Author's Introduction (Truncated)
- Hilary Putnam has devised a bomb that threatens to devastate the realist philosophy we know and love. He explains how he has learned to stop worrying and love the bomb. He welcomes the new order that it would bring ("Putnam (Hilary) - Reason, Truth and History: Preface"). But we who still live in the target area do not agree. The bomb must be banned.
- Putnam's thesis (the bomb) is that, in virtue of considerations from the theory of reference, it makes no sense to suppose that an empirically ideal theory, as verified as can be, might nevertheless be false because the world is not the way the theory says it is. The reason given is, roughly, that there is no semantic glue to stick our words onto their referents, and so reference is very much up for grabs; but there is one force constraining reference, and that is our intention to refer in such a way that we come out right; and there is no countervailing force; and the world, no matter what it is like (almost), will afford some scheme of reference that makes us come out right; so how can we fail to come out right?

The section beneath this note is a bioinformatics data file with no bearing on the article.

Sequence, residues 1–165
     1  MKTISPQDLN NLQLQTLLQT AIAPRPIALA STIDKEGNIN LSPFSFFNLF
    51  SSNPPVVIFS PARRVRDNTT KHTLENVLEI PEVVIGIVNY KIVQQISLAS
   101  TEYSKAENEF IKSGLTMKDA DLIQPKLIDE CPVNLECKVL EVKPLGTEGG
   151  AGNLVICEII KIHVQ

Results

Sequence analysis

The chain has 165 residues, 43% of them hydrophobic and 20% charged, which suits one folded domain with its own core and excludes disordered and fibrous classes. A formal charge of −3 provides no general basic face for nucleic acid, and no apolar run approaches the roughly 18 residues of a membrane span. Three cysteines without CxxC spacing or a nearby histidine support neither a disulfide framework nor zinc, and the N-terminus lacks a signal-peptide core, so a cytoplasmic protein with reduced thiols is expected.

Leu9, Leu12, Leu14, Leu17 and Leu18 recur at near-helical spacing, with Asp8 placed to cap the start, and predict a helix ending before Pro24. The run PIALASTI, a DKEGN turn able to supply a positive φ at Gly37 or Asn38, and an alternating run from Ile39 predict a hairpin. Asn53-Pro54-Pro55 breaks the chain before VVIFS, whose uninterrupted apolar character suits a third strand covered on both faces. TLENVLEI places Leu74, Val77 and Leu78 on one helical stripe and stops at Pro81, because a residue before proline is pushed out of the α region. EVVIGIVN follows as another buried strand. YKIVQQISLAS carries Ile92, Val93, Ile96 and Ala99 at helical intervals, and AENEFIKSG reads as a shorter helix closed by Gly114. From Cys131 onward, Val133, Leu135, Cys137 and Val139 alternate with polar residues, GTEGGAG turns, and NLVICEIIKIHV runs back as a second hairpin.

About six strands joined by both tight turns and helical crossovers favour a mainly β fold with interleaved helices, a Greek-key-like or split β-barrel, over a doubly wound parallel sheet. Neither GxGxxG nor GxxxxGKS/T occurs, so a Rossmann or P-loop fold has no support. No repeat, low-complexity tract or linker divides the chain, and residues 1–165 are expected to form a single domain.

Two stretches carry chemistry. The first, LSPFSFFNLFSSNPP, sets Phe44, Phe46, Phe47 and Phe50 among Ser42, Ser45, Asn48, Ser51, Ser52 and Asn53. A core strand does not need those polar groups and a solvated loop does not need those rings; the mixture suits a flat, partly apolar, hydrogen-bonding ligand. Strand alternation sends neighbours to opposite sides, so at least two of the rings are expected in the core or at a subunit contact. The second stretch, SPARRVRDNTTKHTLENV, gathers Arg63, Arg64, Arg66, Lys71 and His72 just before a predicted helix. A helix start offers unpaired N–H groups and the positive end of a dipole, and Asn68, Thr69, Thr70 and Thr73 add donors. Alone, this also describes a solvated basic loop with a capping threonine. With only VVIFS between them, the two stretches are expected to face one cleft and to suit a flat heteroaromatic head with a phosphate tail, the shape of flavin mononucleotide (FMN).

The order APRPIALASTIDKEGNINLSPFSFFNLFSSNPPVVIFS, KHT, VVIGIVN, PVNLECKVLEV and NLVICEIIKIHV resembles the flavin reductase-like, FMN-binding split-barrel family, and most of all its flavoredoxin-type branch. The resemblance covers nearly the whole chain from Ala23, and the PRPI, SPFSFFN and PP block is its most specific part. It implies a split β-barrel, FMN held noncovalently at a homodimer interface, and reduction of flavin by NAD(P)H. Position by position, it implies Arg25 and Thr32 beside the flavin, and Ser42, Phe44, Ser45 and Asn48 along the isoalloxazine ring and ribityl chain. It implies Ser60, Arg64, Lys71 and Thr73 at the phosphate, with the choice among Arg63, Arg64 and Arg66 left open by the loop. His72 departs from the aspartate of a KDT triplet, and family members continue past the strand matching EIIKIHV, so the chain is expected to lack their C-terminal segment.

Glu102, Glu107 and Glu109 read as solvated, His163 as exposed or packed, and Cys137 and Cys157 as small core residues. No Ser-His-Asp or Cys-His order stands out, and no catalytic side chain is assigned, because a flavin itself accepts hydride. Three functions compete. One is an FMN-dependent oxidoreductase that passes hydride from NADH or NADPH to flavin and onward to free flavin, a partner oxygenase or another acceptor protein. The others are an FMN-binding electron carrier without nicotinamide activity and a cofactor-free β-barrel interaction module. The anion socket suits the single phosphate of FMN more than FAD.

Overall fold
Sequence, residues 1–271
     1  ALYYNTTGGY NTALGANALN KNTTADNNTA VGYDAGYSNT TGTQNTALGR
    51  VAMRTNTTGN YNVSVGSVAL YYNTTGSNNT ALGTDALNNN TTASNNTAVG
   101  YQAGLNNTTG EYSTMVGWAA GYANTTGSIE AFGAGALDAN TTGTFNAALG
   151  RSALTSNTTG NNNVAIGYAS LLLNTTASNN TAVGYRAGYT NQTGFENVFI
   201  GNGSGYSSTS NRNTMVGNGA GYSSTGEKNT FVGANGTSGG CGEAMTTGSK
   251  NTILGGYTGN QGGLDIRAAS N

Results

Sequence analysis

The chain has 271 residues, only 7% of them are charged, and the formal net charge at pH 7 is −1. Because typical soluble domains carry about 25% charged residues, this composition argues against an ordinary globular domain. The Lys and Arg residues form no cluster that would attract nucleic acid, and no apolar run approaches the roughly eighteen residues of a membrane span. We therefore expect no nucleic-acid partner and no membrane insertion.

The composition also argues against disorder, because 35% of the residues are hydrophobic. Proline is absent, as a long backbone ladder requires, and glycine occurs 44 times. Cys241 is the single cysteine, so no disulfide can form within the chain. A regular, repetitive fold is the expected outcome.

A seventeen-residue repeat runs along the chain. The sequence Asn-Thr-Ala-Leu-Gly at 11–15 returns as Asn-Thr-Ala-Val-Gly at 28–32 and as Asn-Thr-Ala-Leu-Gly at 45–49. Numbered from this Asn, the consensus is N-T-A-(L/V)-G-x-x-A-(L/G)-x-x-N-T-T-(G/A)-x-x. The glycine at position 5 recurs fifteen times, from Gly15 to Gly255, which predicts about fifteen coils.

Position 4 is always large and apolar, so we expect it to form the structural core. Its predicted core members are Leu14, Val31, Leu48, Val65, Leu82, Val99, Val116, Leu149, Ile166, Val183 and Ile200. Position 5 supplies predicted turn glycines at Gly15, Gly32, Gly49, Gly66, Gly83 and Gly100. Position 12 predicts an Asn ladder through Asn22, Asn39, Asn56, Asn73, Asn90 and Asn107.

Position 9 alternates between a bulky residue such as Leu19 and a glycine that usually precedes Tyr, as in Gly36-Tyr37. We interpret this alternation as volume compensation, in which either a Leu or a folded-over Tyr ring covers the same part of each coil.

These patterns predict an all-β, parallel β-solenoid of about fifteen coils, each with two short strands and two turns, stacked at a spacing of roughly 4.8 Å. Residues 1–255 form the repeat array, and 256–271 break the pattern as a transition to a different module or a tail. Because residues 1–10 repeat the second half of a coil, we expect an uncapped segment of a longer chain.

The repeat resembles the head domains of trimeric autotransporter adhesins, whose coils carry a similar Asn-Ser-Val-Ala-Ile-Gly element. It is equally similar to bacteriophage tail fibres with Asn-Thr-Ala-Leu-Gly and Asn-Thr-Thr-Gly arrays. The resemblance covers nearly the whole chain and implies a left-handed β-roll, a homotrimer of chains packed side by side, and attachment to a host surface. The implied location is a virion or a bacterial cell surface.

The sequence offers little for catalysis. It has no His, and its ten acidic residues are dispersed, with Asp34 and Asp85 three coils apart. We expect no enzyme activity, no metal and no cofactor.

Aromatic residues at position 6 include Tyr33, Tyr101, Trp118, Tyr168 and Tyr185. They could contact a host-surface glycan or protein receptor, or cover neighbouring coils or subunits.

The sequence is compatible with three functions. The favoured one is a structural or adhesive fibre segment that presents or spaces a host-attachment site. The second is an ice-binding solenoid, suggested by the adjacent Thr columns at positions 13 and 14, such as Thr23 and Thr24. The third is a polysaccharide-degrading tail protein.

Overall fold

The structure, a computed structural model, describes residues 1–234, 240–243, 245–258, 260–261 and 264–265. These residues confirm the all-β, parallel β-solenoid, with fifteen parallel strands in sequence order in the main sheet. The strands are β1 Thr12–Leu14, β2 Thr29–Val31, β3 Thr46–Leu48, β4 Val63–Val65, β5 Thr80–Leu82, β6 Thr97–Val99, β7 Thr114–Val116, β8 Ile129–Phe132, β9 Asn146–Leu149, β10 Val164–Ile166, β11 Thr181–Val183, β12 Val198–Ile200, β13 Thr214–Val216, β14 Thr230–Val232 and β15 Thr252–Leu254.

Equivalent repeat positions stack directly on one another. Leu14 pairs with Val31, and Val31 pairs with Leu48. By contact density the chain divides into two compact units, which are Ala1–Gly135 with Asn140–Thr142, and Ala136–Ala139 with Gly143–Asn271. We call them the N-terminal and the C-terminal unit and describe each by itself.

- Putnam's thesis is incredible. We are in the presence of paradox, as surely as when we meet the man1 who offers us a proof that there are no people, and in particular that he himself does not exist. It is out of the question to follow the argument where it leads. We know in advance that there is something wrong, and the challenge is to find out where. If the paradox-monger is good at his work, we stand to learn something; and indeed, I think that Putnam's paradox affords an important lesson.
- In the first half of the paper I shall give my account of what I take to be the core of Putnam's argument, and I shall say how I think it fails. In the second half of the paper, I shall raise some questions about aspects of Putnam's presentation that puzzle me.
Text Colour Conventions (see disclaimer)
- Blue: Text by me; © Theo Todman, 2019
- Mauve: Text by correspondent(s) or other author(s); © the author(s)